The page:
With all the accolades given to Day 1 of the Aural States Fest it was actually Day 2 that I was waiting for. It was only at the last hour that I decided to go to the first night out of respect for Alex Mudge and the rest of Aural States for tacking on a second night and allowing another fine example of why Aural States is the City Paper’s best music blog of 2008. (http://auralstates.com/2008/10/thanks-city-paper-baltimore.html ) Not only do they cover some of the best local talent but now they bring it all together.
Day 2 was something old and something new but entirely fresh.
First off was the space. The 3rd floor of the Whole Gallery was the very best space I have been to for an all night party in this city (Paradox is not included because it is out of this world). The space was a huge industrial era floor turned into loft space with the majority of the area a great open area with excellent wood floors for dancing. But this was also someone’s home that we were partying in so they deserve a big thanks for inviting us in and sharing their awesome space. Big shouts to Edward, Jessie and the 3rd floor family for opening their home to us. It was the best decorated space I’ve been to in a while. The revolving mirror monolith in the middle of the floor was a great touch.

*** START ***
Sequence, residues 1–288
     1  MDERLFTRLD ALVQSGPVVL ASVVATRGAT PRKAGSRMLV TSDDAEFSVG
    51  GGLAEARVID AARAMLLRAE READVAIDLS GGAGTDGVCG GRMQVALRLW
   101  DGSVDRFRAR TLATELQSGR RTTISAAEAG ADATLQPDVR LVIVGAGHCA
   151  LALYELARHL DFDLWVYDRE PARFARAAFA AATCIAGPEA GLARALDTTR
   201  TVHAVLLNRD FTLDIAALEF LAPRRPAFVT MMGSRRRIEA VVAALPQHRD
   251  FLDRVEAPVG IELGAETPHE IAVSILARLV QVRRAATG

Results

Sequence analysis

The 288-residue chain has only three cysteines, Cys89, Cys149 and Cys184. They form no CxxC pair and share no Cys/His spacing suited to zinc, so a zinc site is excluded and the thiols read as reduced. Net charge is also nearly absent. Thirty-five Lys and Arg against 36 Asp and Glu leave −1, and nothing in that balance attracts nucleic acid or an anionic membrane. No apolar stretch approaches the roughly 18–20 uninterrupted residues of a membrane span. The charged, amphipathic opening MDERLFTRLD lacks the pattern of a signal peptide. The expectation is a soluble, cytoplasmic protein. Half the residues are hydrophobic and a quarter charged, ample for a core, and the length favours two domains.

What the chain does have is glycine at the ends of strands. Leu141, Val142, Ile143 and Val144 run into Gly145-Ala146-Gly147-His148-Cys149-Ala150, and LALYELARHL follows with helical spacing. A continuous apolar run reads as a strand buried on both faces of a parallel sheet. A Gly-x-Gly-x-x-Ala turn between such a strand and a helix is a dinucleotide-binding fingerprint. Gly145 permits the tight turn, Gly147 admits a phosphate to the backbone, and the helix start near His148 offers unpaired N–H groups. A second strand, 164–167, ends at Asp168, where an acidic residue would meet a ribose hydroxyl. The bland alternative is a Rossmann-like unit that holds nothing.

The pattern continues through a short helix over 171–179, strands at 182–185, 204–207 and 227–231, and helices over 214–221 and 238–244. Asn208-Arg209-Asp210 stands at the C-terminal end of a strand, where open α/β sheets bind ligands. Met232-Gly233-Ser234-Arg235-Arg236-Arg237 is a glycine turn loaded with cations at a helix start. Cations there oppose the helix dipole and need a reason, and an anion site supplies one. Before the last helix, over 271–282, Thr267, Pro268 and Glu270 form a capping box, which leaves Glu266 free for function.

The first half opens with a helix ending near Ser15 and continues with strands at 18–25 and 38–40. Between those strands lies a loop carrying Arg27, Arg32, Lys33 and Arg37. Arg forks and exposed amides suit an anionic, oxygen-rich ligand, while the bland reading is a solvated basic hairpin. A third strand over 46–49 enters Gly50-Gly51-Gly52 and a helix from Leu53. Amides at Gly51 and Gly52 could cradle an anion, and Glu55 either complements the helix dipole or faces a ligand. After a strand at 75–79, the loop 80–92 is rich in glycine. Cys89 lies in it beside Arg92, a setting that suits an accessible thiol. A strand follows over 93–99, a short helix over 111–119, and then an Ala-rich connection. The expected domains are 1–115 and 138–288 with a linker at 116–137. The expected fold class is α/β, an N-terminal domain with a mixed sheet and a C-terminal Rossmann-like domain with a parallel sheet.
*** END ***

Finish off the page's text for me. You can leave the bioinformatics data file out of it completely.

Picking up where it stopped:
Another great touch was more free coffee from Zekes. Whoever thought of giving party goers coffee in the wee hours is a genius! (just don’t spill it on yourself) This kept people moving a bit longer into the evening without the need for any greater stimulants.
The Music: Garret McIndoe, product of B-more but hailing now from Brooklyn, opened the night around 10pm. Doors opened at 9ish and the place was already in party mode when he went on. I heard some fun B-more club and some classicks from way back…and then lost a contact lens and had to swerve 25 blocks home to grab another eye. When I returned he had just finished. Sorry Garret. Come back and do it again sometime?
Next up was Craig Sopo of the Bmore-Electro crew with a nice long 2 ½ hour set of techno, acid, Detroit classicks and whatever else he wanted to throw down. It’s always nice to see vinyl still being used in DJ sets these days and even though he was using a laptop with Serrato, Sopo is one of those wax taxin’ DJ’s who keeps one foot firmly planted in the music’s roots. I wouldn’t be surprised to see a techno bill of Detroit and NYC Dj’s with Sopo’s name somewhere in the middle.
Now, I grew up in a time and place before set lists were posted up on music forums and anyone could Google or do a discoggs search for anything and find it. When I was coming up the only place you heard these tunes was at the party and if you didn’t know the record you’d ask someone next to you. If they didn’t know then you were out of luck for the time. You just go with the flow and remember the sound because you’ll likely hear it again next week. Good records don’t go away and I appreciate a DJ who’s kept theirs.
So that was the old as far as music technology goes and the new in terms of talent in this area.